Compare any two graphics cards:
Radeon HD 5770 vs Radeon HD 6850
IntroThe Radeon HD 5770 comes with a GPU core speed of 850 MHz, and the 1024 MB of GDDR5 memory is set to run at 1200 MHz through a 128-bit bus. It also features 800(160x5) SPUs, 40 Texture Address Units, and 16 Raster Operation Units.
Compare those specs to the Radeon HD 6850, which comes with a clock frequency of 775 MHz and a GDDR5 memory frequency of 1000 MHz. It also uses a 256-bit bus, and makes use of a 40 nm design. It is made up of 960 SPUs, 48 Texture Address Units, and 32 Raster Operation Units.
(No game benchmarks for this combination yet.)
Power Usage and Theoretical Benchmarks
Power Consumption (Max TDP)
As far as performance goes, the Radeon HD 6850 should in theory be much superior to the Radeon HD 5770 in general. (explain)
Texel RateThe Radeon HD 6850 will be a bit (about 9%) faster with regards to anisotropic filtering than the Radeon HD 5770. (explain)
Pixel RateThe Radeon HD 6850 should be quite a bit (about 82%) better at FSAA than the Radeon HD 5770, and will be capable of handling higher resolutions while still performing well. (explain)
Please note that the above 'benchmarks' are all just theoretical - the results were calculated based on the card's specifications, and real-world performance may (and probably will) vary at least a bit.
Please note that the price comparisons are based on search keywords - sometimes it might show cards with very similar names that are not exactly the same as the one chosen in the comparison. We do try to filter out the wrong results as best we can, though.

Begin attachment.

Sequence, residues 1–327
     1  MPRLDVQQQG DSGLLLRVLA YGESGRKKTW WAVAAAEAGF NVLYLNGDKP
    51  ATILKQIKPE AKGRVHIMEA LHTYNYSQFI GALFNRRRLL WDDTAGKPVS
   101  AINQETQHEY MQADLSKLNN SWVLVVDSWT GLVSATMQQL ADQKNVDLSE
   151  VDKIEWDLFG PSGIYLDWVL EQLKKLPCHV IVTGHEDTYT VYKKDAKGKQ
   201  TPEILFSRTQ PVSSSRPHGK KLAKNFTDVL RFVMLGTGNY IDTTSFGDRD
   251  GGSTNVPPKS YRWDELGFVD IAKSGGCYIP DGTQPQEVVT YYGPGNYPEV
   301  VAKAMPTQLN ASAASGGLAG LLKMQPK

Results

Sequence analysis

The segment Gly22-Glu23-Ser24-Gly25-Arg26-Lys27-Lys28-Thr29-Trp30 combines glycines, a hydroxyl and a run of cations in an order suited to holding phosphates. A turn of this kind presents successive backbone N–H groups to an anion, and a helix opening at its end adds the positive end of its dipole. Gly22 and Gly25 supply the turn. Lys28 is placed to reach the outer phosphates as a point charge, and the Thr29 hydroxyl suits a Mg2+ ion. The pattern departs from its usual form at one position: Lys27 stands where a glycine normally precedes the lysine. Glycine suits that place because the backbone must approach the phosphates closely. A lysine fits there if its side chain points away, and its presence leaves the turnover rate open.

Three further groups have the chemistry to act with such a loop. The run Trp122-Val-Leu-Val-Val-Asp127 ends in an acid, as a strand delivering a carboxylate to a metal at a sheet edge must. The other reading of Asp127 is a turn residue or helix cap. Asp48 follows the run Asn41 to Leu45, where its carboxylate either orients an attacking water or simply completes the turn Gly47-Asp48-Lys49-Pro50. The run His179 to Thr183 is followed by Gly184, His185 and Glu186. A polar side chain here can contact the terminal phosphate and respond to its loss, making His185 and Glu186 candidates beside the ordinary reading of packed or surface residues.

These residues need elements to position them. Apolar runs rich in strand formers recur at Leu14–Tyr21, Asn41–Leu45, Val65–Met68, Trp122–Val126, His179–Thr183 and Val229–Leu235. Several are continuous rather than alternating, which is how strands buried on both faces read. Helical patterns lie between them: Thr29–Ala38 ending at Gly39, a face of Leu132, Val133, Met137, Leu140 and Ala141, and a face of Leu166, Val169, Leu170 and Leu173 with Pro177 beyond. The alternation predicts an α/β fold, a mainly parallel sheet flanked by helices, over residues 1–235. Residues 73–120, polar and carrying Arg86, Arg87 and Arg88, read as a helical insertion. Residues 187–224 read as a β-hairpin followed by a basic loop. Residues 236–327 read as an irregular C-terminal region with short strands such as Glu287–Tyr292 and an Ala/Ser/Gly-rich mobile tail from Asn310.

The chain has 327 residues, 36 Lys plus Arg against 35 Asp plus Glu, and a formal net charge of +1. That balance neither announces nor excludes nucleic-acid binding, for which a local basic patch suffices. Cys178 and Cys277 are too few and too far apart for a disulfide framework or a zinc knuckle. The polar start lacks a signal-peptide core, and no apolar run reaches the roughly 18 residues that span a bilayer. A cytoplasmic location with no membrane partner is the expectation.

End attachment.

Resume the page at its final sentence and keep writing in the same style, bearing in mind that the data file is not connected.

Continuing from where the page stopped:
Memory Bandwidth: Bandwidth is the maximum amount of data (measured in megabytes per second) that can be moved past the external memory interface in one second. It is worked out by multiplying the interface width by its memory clock speed. In the case of DDR RAM, it should be multiplied by 2 again. If DDR5, multiply by ANOTHER 2x. The higher the card's memory bandwidth, the faster the card will be in general. It especially helps with AA, High Dynamic Range and high resolutions.
Texel Rate: Texel rate is the maximum amount of texture map elements (texels) that can be applied in one second. This number is worked out by multiplying the total number of texture units by the core speed of the chip. The higher the texel rate, the better the graphics card will be at texture filtering (anisotropic filtering - AF). It is measured in millions of texels processed in one second.
Pixel Rate: Pixel rate is the most pixels that the graphics card can possibly record to the local memory in a second - measured in millions of pixels per second. The figure is calculated by multiplying the number of Render Output Units by the the card's clock speed. ROPs (Raster Operations Pipelines - aka Render Output Units) are responsible for filling the screen with pixels (the image). The actual pixel output rate also depends on many other factors, most notably the memory bandwidth of the card - the lower the bandwidth is, the lower the potential to get to the maximum fill rate.